In 2015, the United Nations vowed to end modern slavery by 2030. The coronavirus pandemic and lockdowns could prove a heavy setback, but only in exposing the weaknesses and hostility at the heart of immigration policy.
Modern slavery is a wide umbrella term, that can include being trafficked, with victims forced into exploitation most commonly forced labour such as in agricultural work or in factories, or criminal activity, prostitution, or forced marriages.
The UK plays a significant role in ending modern slavery by detecting and combating human trafficking and exploitation that takes place within British borders. There is a responsibility for the Home Office to ease the suffering and trauma experienced by modern slavery victims.
Due to it’s underground and hidden nature, it is incredibly difficult to know how many victims there could be in the UK. 5144 modern slavery offences were recorded by police in England and Wales in the twelve months to March 2019, an increase of 51% on the year before. People who have been trafficked should be referred to the National Referral Mechanism (NRM); in the first quarter of 2020, 2871 people were referred, a 33% increase on the same quarter in 2019. Numbers fell by 23% between April and June, influenced by the pandemic.
Despite the Home Office stating they are ‘committed to tackling modern slavery and identifying and supporting victims’, hostile environment policies and operations of the immigration system repeatedly fails the people most affected.
When the Home Office supports victims of trafficking, they should be quick to deliver decisions about the victim’s status in the UK. However, recent reports show on average, victims wait 452 days for a decision in their case with some cases over two years, unnecessarily extending their suffering.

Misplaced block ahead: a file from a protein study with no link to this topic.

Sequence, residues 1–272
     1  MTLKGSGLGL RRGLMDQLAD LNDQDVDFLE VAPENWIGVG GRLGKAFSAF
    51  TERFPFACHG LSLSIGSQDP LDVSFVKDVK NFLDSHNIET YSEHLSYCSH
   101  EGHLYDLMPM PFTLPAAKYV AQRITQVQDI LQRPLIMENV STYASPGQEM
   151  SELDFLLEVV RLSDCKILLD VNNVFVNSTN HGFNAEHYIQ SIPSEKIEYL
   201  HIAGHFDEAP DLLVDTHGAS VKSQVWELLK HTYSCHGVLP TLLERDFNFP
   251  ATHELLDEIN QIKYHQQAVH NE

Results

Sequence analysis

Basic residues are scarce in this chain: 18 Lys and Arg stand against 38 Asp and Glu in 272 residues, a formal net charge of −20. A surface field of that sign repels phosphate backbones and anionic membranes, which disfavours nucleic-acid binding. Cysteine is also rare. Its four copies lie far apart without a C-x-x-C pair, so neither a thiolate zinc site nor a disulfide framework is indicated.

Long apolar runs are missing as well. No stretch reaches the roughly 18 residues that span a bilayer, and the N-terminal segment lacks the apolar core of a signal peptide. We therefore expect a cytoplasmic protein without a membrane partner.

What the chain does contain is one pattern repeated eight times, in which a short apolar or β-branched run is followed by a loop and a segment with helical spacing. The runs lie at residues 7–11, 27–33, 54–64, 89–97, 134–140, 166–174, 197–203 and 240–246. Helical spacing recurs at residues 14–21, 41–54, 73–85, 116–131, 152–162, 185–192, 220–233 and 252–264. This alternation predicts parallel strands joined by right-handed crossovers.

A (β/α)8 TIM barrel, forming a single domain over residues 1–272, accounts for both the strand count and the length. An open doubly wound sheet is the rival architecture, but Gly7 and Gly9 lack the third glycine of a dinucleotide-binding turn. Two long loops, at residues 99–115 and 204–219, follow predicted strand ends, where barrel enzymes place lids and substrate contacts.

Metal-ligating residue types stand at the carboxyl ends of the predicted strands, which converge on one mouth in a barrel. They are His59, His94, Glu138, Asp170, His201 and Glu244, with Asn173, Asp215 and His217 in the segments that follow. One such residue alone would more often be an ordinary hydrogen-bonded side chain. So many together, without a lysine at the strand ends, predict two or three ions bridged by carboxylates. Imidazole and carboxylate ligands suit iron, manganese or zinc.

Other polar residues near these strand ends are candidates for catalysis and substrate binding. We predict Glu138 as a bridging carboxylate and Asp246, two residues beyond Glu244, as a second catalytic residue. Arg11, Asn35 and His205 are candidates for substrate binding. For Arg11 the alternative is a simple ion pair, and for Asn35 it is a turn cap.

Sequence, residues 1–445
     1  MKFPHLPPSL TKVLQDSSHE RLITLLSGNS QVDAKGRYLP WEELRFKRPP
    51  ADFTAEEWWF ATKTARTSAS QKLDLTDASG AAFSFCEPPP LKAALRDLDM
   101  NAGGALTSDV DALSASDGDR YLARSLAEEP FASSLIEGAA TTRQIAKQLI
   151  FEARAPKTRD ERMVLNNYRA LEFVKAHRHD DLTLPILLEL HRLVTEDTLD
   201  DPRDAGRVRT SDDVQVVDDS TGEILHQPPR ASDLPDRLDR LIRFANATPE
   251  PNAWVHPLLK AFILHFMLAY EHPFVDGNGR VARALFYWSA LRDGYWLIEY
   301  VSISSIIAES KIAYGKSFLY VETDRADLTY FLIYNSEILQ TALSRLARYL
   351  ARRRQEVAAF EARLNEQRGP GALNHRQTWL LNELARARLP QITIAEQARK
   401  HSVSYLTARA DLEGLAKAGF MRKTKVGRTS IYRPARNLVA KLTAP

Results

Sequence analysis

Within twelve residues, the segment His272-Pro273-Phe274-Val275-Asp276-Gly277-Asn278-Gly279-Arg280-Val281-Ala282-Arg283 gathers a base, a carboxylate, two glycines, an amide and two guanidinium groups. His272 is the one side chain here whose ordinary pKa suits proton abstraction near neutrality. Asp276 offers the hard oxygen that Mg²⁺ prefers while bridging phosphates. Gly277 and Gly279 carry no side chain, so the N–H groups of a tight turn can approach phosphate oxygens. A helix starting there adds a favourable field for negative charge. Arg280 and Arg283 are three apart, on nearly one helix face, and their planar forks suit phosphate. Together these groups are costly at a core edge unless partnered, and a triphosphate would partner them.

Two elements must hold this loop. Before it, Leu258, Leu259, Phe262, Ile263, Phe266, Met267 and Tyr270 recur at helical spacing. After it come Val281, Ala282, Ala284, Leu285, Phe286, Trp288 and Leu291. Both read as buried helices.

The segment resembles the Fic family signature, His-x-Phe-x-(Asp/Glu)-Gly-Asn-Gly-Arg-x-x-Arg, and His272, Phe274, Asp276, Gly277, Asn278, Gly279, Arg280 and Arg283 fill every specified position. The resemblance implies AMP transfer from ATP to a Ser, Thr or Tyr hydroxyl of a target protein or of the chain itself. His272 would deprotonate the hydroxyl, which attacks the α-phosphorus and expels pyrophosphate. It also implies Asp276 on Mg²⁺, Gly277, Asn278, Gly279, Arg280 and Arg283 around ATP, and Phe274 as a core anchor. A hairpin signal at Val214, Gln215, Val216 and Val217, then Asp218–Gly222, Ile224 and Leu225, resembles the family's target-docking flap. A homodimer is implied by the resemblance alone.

Discretionary leave, where the Home Office gives trafficking victims the right to live and work in the UK, for all non-EEA survivors of trafficking is automatically considered. The number that qualifies, however, is severely low. In the first three months of 2020, only 8 people received discretionary leave.
The Home Office policy as part of NRM should provide housing, financial support and opportunity to work for survivors. More victims may be being identified, but their responsibility and obligation to look after those under their care is being neglected. Many survivors are not receiving the support they are entitled, including any money from the government to survive. Only 25% of those referred received a safe house bed from the main contractor, the Salvation Army.
Without these things and nowhere else to turn, survivors of trafficking will be at high risk of living on the street running the risk of deportation by the Home Office thanks to new immigration rules. Other hostile environment policies, such as a ban on the right to work and no access to the benefits system make it almost impossible for a survivor to start to rebuild. The coronavirus pandemic has made this worse by further halting the efficiency and speed of services.